The end of summer often comes with a change of pace. Students and teachers head back to school, cold-weather wardrobes emerge from the backs of closets and summer gear like camping supplies, beach bags and sunscreen is packed up once again.
Summer is the ideal season for road trips, in part due to long, warm days, low gas prices and favorable road conditions. However, a fall road trip is a popular way to welcome in the new season and give in to wanderlust before winter weather arrives.
Before you head off on your autumnal adventure, it’s important that you are prepared for the open road.
“A fall road trip is a popular way to welcome in the new season.”
Step 1: Save
Before taking any trip, it’s important that you have your finances in order. Going into debt is a good way to put a damper on your vacation, and you want to be sure you are able to cover all expenses along the way. This includes unexpected payments, such as car repairs if needed.
To save for anything, you’ll need to create a budget. Determine how much you can afford to set aside for your trip each month. Then, be sure to route this amount of money into a separate account or devise a plan to not spend that money.
When saving for a trip, and while you’re on the actual vacation, it’s important that you’re still allocating enough funds to essentials like debt payments, rent, food and utilities. If you fall behind on these items, you may struggle to get back on stable financial ground when you return.
For this reason, you’ll want to create a trip budget. Determine how much you can comfortably spend during your trip and be sure not to go over this amount. One method to stay on track is to bring the amount you can afford to spend each day in cash, and make a point not to bring your card out when the money’s gone.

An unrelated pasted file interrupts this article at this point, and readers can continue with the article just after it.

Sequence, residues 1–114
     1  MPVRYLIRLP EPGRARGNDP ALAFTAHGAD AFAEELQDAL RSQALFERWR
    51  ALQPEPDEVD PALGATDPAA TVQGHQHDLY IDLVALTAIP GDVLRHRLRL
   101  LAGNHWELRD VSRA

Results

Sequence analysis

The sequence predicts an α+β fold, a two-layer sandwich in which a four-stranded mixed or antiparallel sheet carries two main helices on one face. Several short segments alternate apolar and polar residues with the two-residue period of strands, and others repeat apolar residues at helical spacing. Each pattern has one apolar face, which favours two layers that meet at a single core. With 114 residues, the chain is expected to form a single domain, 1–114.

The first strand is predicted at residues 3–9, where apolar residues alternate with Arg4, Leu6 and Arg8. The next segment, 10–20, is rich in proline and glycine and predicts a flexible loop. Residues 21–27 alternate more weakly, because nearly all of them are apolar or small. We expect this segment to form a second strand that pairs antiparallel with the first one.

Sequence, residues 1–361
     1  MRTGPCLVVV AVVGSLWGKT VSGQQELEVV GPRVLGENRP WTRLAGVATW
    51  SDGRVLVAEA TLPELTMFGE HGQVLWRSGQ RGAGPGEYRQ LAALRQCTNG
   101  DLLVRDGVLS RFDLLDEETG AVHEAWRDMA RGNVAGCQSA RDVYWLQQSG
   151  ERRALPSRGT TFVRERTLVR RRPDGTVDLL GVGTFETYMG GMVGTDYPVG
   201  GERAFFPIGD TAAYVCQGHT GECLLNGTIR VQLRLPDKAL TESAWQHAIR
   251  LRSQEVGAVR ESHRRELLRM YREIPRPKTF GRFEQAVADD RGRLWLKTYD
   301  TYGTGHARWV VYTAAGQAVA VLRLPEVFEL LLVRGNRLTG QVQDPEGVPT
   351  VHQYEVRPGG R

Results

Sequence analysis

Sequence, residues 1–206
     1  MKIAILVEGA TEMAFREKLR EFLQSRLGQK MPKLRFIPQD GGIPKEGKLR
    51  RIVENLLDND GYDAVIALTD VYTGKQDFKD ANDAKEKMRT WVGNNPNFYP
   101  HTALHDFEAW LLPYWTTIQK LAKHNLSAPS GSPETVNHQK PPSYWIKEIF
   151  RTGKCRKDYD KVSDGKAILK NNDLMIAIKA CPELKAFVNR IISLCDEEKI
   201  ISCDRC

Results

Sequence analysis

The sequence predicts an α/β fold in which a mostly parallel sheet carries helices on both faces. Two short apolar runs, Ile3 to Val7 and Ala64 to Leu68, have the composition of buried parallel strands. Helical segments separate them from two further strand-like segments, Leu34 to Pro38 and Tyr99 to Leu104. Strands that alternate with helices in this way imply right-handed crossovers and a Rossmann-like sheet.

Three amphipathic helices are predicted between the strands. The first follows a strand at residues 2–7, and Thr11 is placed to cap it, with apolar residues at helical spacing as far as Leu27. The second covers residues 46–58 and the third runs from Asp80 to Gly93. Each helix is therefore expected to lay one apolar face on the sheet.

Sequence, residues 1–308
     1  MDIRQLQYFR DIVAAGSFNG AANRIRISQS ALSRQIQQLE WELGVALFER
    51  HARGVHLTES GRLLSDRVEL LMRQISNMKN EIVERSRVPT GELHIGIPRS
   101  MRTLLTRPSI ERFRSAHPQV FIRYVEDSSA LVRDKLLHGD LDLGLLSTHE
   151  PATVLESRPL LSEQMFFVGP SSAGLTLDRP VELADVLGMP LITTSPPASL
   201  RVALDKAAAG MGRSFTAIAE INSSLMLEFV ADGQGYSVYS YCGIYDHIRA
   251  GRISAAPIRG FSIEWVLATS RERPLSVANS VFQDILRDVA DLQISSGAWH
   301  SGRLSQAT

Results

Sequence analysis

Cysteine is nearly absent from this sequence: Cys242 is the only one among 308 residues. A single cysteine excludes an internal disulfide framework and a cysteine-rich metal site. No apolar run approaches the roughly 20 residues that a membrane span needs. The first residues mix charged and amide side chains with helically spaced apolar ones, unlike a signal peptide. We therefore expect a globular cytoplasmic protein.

Step 2: Plan
The U.S. is filled with many beautiful areas that have a wide variety of beautiful fall landscapes. When you go depends on where you’re going and what Mother Nature has in store for the area. As Colorado Tourism pointed out, fall colors may only last a week in some areas.
Because of this, for those planning their trips in advance, it may be wise to choose a general destination, such as Colorado, Michigan or the East Coast, but not specific destinations. Instead, determine where the best colors can be seen immediately prior to your departure. However, you can usually tell in advance where you’ll see the best colors, depending on which month you plan to go in.
- September – check out the early colorful foliage in Colorado
- October – Michigan is usually filled with orange and red before Halloween
- November – Connecticut’s colors have been known to last until early November
Step 3: Car review
Before any road trip, it’s important that you give your car a once-over to check for any signs of future problems, Consumer Reports advised.
Tires and brakes
Tires and brakes are two of the most important safety features on any vehicle. Before going on a long excursion, make sure they are both in good shape. If your tires are between 5 and 10 years old, you should be keeping a close eye on them, or bringing them in regularly to be checked out by a professional, Michelin explained. After a decade, it’s time to retire those tires.
Conduct a thorough review of all the fluids in your car, including oil, brake fluid and windshield washing fluid. If you typically use a different formula in the winter, it might be worthwhile to start putting this in before your fall road trip. Depending on where you go, you might begin to see some cooler temperatures already.